Author(s): Kelly A, Brooks LJ, Dougherty S, Carlow DC, Zemel BS
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Abstract OBJECTIVE: Vitamin D deficiency is common and has been associated with several non-bone/calcium related outcomes. The objective was to determine the association between serum 25-hydroxyvitamin D (25-OH-D) and fasting glucose, insulin and insulin sensitivity in obese and non-obese children. PATIENTS/SETTING/DESIGN: Cross-sectional study of 85 children aged 4-18 years recruited from the local Philadelphia community and Sleep Center. MAIN OUTCOME MEASURES: Fasting blood glucose, insulin and 25-OH-D were measured. Insulin resistance was calculated using homeostasis model assessment (HOMA). Body mass index standard deviation scores (BMI-Z) and pubertal stage were determined. Multivariable linear regression was used to determine factors associated with decreased 25-OH-D and to determine the association of vitamin D with HOMA. RESULTS: Median 25-OH-D was 52 nmol/l (IQR 34-76). 26\% of subjects were vitamin D sufficient (25-OH-D ≥75 nmol/l), 27\% had intermediate values (50-75 nmol/l) and 47\% were insufficient (25-50 nmol/l) or frankly deficient (<25 nmol/l). In the multivariable model, older age, higher BMI-Z and African-American race were all negatively associated with 25-OH-D; summer was positively associated with 25-OH-D. Lower 25-OH-D was associated with higher fasting blood glucose, insulin and HOMA after adjustment for puberty and BMI-Z. CONCLUSION: Low 25-OH-D, common in the paediatric population at risk for diabetes (older children, African-Americans, children with increasing BMI-Z) is associated with worse insulin resistance.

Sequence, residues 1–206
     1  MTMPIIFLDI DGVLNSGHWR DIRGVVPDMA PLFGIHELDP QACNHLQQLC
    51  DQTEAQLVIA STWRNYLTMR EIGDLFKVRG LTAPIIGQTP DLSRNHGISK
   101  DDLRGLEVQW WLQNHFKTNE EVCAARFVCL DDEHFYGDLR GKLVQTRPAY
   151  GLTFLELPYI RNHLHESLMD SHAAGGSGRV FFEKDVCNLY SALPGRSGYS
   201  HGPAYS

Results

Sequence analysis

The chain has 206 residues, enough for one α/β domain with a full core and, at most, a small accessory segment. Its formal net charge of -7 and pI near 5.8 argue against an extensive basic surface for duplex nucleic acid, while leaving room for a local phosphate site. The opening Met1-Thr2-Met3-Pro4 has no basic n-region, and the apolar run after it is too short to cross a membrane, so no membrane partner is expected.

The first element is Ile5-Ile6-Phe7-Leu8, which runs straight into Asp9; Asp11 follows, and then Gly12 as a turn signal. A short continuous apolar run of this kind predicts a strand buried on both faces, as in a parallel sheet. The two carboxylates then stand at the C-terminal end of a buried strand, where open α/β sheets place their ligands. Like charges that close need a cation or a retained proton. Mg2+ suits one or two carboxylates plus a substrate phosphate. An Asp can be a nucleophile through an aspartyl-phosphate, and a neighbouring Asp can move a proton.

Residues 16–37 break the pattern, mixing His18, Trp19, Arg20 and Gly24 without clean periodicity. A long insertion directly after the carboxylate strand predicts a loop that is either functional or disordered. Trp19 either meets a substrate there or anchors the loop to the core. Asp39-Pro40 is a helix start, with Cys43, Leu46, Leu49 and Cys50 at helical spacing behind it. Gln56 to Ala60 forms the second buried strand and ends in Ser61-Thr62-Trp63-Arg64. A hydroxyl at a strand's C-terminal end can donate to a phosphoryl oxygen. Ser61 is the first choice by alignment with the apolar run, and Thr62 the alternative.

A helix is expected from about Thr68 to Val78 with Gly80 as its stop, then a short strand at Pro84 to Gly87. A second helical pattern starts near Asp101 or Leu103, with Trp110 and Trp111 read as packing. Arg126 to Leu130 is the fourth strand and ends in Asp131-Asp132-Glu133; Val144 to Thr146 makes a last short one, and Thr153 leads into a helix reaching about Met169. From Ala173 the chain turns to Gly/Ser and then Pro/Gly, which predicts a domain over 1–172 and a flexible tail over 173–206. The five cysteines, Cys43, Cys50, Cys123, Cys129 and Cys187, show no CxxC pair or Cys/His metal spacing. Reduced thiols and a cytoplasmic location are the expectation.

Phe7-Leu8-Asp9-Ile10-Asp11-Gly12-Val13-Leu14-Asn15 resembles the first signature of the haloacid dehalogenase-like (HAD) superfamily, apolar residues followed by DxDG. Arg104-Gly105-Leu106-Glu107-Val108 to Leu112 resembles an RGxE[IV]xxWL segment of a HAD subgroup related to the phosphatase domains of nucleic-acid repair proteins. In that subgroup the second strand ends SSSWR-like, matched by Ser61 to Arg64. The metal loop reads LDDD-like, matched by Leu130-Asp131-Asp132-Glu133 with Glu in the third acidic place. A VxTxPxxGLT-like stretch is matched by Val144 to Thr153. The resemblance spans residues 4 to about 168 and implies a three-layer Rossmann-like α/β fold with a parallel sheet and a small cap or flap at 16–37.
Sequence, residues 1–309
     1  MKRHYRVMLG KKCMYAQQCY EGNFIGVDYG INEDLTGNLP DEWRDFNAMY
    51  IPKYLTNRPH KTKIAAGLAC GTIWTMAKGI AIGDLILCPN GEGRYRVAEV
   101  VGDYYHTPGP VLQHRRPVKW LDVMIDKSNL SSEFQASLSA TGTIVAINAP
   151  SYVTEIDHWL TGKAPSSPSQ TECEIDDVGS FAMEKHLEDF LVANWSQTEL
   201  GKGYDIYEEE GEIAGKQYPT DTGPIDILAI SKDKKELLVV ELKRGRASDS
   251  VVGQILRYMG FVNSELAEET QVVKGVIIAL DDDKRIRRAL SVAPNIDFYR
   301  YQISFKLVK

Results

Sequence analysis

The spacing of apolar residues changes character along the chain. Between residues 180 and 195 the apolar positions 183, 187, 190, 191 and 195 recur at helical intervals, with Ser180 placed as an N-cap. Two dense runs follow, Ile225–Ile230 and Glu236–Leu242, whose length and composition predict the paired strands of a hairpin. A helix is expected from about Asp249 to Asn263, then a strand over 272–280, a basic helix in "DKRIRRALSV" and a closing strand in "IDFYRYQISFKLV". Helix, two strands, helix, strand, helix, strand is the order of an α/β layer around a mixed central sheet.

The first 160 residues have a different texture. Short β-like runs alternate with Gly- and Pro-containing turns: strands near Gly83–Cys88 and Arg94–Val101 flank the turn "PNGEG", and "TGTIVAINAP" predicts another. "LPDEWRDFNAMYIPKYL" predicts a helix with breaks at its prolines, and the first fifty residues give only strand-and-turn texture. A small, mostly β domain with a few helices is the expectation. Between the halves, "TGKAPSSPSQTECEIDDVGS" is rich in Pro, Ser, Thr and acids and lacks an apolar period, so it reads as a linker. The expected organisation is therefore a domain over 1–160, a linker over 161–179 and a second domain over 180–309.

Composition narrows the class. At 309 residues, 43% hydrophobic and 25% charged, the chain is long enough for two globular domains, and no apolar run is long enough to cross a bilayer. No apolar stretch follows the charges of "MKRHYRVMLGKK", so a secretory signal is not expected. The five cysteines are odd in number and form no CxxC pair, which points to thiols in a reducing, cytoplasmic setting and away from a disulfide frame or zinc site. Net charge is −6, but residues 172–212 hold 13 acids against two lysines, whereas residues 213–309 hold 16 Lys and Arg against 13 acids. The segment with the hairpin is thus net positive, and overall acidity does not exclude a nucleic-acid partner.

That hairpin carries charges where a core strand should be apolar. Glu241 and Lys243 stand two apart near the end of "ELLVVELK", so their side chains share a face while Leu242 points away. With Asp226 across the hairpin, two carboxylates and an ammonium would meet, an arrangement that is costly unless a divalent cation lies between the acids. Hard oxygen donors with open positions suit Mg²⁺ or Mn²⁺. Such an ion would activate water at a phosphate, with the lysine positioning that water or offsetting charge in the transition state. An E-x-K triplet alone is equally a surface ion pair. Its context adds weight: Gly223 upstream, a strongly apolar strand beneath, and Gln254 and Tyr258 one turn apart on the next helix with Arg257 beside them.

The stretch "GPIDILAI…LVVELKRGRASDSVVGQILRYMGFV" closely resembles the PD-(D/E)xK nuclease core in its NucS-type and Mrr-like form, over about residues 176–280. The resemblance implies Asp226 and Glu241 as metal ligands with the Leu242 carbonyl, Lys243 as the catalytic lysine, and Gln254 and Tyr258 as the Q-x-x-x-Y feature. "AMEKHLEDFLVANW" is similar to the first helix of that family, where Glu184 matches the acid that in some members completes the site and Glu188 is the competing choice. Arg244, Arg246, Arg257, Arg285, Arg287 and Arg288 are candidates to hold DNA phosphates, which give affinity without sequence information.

This article was published in Arch Dis Child
and referenced in Vitamins & Minerals